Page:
Arthur Cresswell Memorial Marathon

by Travis GrahamArthur Cresswell

We woke to an unfamiliar stillness and a noticeable chill early on the morning of Saturday 9th April. We teammates, who had spent the night in Winterton, were in high spirits as we slathered on copious amounts of Vaseline, plastered ourselves liberally and wolfed down our energy-rich breakfasts, all in preparation for the 4 -7 hours of running that lay ahead. We were chauffeured some 20km in the eerie darkness to an intersection in sleepy Bergville where we met up with the rest of our Stella teammates and a 500 strong field of participants.

The gun fired just before the sun broke the horizon. It was in this comforting dawn light that we ran the first 12 or so kilometres; the Drakensberg unfolded behind us, green farmlands abounded and plenty of local supporters cheered us on and ‘high-fived’ us as we passed by. After 12kms, things got interesting! The gradient began to increase and we were welcomed by the steep Child’s Hill between 16 and 20km. It was here that I employed my carefully crafted run-walk strategy (i.e. walking peppered with 1% of running).

After cresting Child’s hill the nature of the course shifted. The scenery opened up as the sun-baked tarmac unfolded in a series of long straight stretches of both uphills and downhills. Roadsides become less populated as temperatures rose. This 20km stretch became a time of intense soul searching and introspection lightened only by occasional banter with passing runners or by perfectly positioned water tables (thankfully positioned before the start of most climbs).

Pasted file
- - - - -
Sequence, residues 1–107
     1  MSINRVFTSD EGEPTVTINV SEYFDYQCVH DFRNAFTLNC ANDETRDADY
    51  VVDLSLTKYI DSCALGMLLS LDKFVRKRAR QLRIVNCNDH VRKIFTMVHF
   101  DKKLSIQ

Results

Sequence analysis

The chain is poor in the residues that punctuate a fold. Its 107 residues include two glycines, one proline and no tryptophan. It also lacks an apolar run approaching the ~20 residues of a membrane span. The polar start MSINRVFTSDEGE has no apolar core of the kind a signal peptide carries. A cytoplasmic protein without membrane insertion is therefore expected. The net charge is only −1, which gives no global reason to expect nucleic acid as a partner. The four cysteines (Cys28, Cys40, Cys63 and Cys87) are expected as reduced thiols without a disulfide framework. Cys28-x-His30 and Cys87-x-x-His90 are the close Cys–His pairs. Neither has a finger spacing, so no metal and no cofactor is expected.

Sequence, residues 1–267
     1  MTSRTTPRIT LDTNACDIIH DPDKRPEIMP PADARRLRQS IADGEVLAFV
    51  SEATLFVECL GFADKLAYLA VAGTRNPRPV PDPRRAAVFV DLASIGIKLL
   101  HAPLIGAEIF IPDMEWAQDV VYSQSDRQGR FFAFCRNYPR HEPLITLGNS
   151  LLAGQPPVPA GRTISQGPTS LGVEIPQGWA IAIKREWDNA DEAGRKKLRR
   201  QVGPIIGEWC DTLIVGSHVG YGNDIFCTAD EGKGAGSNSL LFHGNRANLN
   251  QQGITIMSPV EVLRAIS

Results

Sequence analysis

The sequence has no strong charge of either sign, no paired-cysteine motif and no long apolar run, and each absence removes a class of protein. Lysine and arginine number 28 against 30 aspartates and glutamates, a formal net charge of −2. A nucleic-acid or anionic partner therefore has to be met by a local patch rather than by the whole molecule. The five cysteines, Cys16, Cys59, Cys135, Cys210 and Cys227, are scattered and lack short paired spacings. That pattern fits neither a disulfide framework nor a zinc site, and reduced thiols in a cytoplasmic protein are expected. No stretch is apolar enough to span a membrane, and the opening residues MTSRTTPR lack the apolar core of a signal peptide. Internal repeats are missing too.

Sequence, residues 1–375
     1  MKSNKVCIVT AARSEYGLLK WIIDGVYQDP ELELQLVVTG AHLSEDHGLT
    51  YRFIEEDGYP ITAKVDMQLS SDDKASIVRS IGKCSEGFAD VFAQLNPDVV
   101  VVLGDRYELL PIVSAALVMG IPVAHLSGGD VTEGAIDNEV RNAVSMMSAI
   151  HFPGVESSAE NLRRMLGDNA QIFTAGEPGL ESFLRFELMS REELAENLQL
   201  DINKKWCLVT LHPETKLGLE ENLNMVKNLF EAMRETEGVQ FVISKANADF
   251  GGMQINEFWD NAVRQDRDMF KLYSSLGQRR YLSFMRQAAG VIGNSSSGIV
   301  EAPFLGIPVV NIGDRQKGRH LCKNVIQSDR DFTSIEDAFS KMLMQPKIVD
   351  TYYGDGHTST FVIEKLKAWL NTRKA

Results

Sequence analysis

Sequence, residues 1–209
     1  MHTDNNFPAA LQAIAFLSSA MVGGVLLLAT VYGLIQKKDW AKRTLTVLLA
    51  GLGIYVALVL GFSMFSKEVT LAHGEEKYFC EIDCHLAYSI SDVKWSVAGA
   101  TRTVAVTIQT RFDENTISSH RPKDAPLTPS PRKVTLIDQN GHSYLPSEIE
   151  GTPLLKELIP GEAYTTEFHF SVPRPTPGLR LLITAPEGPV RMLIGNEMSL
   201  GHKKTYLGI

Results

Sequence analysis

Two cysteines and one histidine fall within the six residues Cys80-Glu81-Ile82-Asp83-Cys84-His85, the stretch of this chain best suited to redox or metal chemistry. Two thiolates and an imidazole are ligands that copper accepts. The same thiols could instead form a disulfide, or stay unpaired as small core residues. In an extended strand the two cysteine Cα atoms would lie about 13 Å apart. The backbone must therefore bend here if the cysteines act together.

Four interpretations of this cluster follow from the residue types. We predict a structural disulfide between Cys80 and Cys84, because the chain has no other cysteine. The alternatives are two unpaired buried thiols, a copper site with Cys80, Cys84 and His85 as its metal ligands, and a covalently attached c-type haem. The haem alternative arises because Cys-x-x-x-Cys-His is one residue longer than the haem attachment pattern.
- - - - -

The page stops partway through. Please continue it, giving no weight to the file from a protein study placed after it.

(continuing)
At 36km some hope was restored as we reconnected with civilisation at a Highway Passover – here we got to see our seconders and supporters for the first time since the start. This high was short-lived as we were ushered off the tar and onto a quiet country sand road for about 5km.

By this stage the sun had become intense and the legs weary – even the Cosmos Flowers seemed intent on witnessing our demise as they abundantly lined the roadside in a gauntlet of beauty. The end was in mind as we moved back onto tar at roughly 41km. The deceiving route map did little to prepare us for the sequence of resolve-testing hills that awaited us in the last 10km. At that stage it truly became a case of mind-over-matter; the counting of telephone posts and blue plastic beacons became our mental artillery.

Joy overcame me as we descended into Ladysmith towards the finish. The view over the town and the promise of an ice-cold something gave me the strength to ignore my cramping and convulsing calves.

Moments after crossing the finished line, pride and pain were at odds, but as always pride won the day. The 51ST Arthur Creswell Bergville to Ladysmith 52km Ultra-marathon was an experience I will always remember. Despite the beauty of the surroundings, the day was unavoidably tough, and for that very reason, worthwhile.

It is in light of this too, that I have a new found respect for all of our participating Stella legends, and especially for Phillip, Shane & Ian who have now completed 36, 30 and 22 respectively. Go Stars!!!!

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